What’s the one thing that will set your business apart from the pack? According to our founder Ross Mason, it’s the rising role of integration and an emphasis on speed.
In a conversation with the Wall Street Journal, Ross elaborated further: “The way in which companies are driving their competitive advantage is … in the way in which they can move the information and the assets they have around their organization and deliver that to their consumers in the right way.
I remember my first car well – it was a black Jeep Cherokee and made a “NGGGGGGRGH!” noise driving up hills. But I was so proud of it because it meant independence and adulthood.
But as Ross Mason writes, for today’s teens, car owning is more of an expensive hassle than a key to freedom. The car of the future will be more about the passenger experience than the driver experience,
96 percent of businesses are either undergoing some kind of digital transformation strategy or plan to in the near future. Those are the results of a recent survey we conducted; just about every business is trying to get a handle on how to cope with new channels, new methods of engagement, and ubiquitous connectivity. The reason is clear; nearly three quarters of IT decision makers surveyed said that if digital transformation initiatives weren’t completed,
There are very few businesses that aren’t undergoing some form of digital transformation. As our founder, Ross Mason, points out, “Business as we know it is under enormous pressure…No company is too big to have the rug pulled from under it. It is no longer about the big eating the small; it is now about the fast eating the slow.” Businesses know that they have to change to keep up with the digital revolution,
There are very few industries that aren’t going through digital disruption right now, but perhaps one of the most profoundly affected by the digital revolution is the retail industry.
In MuleSoft’s recent Connectivity Benchmark Report, fully 100% of retailers surveyed said they were embarking on digital transformation activities. This is because there is a sea change right now in how people shop. Australian publication iStart highlighted that there had been a 50 percent decline in visits to physical stores over the Christmas shopping period over the last five years,
Anyone reading this knows that today’s business environment is marked by a great deal of competition, the adoption of technology solutions across every part of the organization, and the need to analyze and then use the explosion of data provided by those solutions for better business intelligence. All of this puts stress on IT, who need to deliver more projects at greater speed and at lower cost. Fortunately, there is a way of increasing IT’s capacity,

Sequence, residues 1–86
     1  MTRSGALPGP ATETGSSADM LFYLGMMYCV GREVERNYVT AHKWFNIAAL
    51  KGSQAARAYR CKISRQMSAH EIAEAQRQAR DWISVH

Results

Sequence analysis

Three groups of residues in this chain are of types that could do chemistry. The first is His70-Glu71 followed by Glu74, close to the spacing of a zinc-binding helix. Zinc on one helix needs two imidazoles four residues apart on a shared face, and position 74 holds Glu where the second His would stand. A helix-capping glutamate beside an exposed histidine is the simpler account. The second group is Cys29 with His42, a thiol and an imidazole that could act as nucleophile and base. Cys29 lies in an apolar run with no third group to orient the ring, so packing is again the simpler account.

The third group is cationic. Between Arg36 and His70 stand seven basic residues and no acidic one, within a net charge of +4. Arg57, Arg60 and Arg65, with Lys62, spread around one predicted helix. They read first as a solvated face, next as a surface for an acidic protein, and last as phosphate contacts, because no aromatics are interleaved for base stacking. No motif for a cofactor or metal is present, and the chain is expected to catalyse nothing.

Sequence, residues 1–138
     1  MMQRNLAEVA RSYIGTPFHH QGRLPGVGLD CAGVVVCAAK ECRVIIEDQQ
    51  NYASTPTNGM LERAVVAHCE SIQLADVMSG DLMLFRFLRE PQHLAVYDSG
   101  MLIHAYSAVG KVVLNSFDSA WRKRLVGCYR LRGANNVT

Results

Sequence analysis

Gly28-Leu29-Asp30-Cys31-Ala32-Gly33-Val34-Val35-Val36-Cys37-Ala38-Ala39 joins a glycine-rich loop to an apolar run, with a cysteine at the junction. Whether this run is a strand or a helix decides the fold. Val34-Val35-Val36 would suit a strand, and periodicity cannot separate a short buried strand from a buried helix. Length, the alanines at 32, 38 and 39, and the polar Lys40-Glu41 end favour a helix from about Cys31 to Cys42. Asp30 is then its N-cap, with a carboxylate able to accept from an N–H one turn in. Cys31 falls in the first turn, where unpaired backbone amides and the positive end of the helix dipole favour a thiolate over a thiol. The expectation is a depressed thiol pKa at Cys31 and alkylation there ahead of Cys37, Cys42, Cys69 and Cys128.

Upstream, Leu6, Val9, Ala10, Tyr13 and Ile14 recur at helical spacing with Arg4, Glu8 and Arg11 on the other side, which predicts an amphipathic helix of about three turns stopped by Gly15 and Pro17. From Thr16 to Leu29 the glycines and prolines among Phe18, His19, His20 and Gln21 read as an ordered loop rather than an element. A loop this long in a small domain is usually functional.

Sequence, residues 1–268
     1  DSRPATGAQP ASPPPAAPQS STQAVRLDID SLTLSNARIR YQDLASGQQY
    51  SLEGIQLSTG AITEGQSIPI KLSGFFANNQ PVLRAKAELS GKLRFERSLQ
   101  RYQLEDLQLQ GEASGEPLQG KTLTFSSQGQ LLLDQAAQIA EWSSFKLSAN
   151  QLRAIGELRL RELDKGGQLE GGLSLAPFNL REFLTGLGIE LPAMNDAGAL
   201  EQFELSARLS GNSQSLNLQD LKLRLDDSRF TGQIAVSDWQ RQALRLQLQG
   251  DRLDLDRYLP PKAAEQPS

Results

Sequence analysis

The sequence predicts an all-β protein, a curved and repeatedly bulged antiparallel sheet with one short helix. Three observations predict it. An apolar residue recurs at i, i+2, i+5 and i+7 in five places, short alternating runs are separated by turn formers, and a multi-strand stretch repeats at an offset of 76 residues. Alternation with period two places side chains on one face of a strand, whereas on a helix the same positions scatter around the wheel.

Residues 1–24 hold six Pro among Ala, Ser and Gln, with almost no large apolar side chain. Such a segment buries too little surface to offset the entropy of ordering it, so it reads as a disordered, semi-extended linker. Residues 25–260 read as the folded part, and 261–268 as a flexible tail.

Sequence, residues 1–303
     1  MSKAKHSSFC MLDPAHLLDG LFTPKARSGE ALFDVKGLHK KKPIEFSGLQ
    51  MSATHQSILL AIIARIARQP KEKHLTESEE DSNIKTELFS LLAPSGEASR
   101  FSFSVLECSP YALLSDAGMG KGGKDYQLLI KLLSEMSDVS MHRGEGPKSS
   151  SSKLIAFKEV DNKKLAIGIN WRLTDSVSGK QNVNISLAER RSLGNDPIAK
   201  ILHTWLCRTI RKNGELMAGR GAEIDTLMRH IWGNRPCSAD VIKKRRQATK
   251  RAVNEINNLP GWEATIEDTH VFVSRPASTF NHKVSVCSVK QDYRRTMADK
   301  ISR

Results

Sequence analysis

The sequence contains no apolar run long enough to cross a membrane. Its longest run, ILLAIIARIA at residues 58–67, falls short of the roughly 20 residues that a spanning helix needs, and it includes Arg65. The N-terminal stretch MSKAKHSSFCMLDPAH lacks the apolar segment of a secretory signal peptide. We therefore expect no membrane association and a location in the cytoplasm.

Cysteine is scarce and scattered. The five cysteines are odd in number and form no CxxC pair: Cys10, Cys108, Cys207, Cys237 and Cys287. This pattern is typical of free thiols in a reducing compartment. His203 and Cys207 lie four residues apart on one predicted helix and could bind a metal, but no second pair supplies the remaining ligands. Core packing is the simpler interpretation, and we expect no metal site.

Retail is under pressure. Business models are changing rapidly, customers are embracing commerce, and digital and social media are becoming ever more important to the bottom line. In addition, customers are also wanting personalized, customized shopping experiences – and the only way for retailers to provide that is by using personal data collected in previous encounters. But accessing that data and making it available to those who need it isn’t always easy.
Last month, Amazon announced it would open its second bricks-and-mortar bookstore in San Diego. Its first physical bookstore opened last year in Seattle, setting off a flurry about what that meant for the online retail giant and the future of retail itself.
According to UK tech news site IDGConnect, the physical store is part of ” a general shift towards data driven omni-channel customer experiences…the extensive customer data now available via online channels means companies can now provide a range of targeted customer experiences to suit every purpose.
As the Denver Broncos and Carolina Panthers jog onto the field for Super Bowl 50 this Sunday, most eyes will be drawn to their large shoulder pads and shiny helmets. What many people won’t notice, however, are the tiny, quarter-sized RFID transmitters hidden in their shoulder pads. Made by Zebra Technologies, these connected, wearable devices pinpoint each player’s real-time field position, speed, distance traveled and acceleration by emitting radio frequencies to RFID receivers located around the stadium.
MuleSoft provides the most widely used integration platform for connecting any application, data source or API, whether in the cloud or on-premises. With Anypoint Platform®, MuleSoft delivers a complete integration experience built on proven open source technology, eliminating the pain and cost of point-to-point integration. Anypoint Platform includes CloudHub™ iPaaS, Mule ESB™, and a unified solution for API management™, design and publishing.